Relationships

What You Need to Know About Abandonment?

Abandonment is leaving a person or a place in such a way as to suggest that you do not intend to return. It’s when someone chooses to stop taking part in an important relationship such as marriage, leaving the other person feeling unwanted, unhappy about their isolation, or unsure whether or not they’ll ever re-establish their connection with the person who abandoned them.

In a marriage, this would imply that one spouse has chosen to leave their marriage without the consent or input of their partner. For example, if your spouse leaves you for another person and does not offer any financial support, that is considered abandonment.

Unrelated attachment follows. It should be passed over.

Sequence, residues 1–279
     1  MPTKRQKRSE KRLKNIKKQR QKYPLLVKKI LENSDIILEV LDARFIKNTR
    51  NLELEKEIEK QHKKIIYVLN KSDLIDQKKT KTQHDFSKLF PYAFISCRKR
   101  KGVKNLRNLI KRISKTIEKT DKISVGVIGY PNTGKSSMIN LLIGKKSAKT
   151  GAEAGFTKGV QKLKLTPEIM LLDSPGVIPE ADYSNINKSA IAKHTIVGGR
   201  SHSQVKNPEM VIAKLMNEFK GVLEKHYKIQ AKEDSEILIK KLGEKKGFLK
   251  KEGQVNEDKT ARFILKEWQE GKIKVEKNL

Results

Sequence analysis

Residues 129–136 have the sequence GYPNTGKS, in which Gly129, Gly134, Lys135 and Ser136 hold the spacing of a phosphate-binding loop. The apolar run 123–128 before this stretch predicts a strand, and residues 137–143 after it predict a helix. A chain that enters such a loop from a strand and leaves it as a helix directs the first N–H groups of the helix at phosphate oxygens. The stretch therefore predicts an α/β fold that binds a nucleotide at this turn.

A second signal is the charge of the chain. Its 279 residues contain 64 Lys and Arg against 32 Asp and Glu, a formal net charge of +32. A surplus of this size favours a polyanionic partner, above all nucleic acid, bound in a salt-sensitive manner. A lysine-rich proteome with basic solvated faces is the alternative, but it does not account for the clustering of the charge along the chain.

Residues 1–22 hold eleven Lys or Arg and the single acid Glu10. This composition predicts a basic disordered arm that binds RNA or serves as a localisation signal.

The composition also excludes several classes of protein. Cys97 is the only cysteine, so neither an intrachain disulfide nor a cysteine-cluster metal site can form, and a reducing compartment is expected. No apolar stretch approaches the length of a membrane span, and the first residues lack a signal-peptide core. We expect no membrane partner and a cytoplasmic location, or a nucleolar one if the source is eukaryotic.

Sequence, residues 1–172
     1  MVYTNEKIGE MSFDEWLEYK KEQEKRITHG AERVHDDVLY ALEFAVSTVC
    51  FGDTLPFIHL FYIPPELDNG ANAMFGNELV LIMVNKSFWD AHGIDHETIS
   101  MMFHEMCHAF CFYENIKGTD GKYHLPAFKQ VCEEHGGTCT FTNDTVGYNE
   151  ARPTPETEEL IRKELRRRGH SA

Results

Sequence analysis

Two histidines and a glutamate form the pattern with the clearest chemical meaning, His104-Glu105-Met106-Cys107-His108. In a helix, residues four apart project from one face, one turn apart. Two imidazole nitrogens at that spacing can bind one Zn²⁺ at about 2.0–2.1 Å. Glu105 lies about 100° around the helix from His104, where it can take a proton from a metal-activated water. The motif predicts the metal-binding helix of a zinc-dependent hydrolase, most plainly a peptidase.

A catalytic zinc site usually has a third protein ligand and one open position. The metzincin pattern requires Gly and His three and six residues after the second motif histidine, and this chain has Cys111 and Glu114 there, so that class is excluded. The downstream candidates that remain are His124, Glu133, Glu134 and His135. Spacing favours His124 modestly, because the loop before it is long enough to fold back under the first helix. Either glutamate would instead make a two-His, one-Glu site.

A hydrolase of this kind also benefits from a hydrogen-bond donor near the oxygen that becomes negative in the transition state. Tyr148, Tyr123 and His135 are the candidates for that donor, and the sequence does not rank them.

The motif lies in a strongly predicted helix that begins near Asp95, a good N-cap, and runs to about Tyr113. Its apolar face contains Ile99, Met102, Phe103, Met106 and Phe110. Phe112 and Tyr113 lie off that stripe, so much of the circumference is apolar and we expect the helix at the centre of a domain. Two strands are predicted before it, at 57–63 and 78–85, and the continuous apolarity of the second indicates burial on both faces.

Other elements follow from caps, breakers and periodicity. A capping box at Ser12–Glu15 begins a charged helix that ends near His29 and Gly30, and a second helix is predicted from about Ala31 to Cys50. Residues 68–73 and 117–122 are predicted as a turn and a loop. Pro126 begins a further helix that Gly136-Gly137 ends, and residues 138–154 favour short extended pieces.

What are the causes of abandonment?

The causes of abandonment are too numerous to list. Common causes include:

  • Abuse
  • Addiction and drug use
  • Inability to commit
  • Lack of communication skills
  • Physical harm to one another

What are the consequences of marriage abandonment?

Lack of child support: For many couples, marriage serves as a means to raise children, and children are the result of their union. However, when one spouse abandons his partner, it is arguable that there is no longer a legal basis for them to get married. In such a case, parents may have issues getting child support from their abandoned partners.

Disruption of family life: Marriage is often viewed as an institution that provides security for its members and serves as a means to raise children and share economic resources between spouses. When one spouse abandons their partner, he disrupts this family unit, making it difficult for his partner to raise their children and maintain that family unit. This abandonment also affects the abandoned spouse’s ability to experience emotional support from his partner and extended family. A spouse abandoned by their partner is at an increased risk of developing depression and other mental health disorders.